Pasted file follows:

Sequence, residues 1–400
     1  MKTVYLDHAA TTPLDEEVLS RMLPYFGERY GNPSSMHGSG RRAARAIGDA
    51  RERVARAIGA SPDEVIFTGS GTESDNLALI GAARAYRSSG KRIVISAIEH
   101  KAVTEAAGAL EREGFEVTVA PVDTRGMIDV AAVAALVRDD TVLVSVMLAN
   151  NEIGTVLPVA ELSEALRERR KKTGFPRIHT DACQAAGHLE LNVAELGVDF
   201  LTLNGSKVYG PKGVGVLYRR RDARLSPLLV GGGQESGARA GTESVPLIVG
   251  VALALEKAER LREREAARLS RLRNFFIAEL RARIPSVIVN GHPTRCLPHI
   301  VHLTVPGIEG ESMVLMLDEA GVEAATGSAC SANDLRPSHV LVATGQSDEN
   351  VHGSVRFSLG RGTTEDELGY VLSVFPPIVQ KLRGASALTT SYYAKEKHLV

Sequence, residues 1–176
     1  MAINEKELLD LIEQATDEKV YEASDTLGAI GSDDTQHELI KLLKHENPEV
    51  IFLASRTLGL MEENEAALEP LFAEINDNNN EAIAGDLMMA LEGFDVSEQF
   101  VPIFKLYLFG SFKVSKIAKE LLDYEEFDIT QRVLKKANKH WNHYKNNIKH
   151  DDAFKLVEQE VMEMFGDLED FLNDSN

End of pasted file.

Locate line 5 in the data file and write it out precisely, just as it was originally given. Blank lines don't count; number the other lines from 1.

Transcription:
   151  NEIGTVLPVA ELSEALRERR KKTGFPRIHT DACQAAGHLE LNVAELGVDF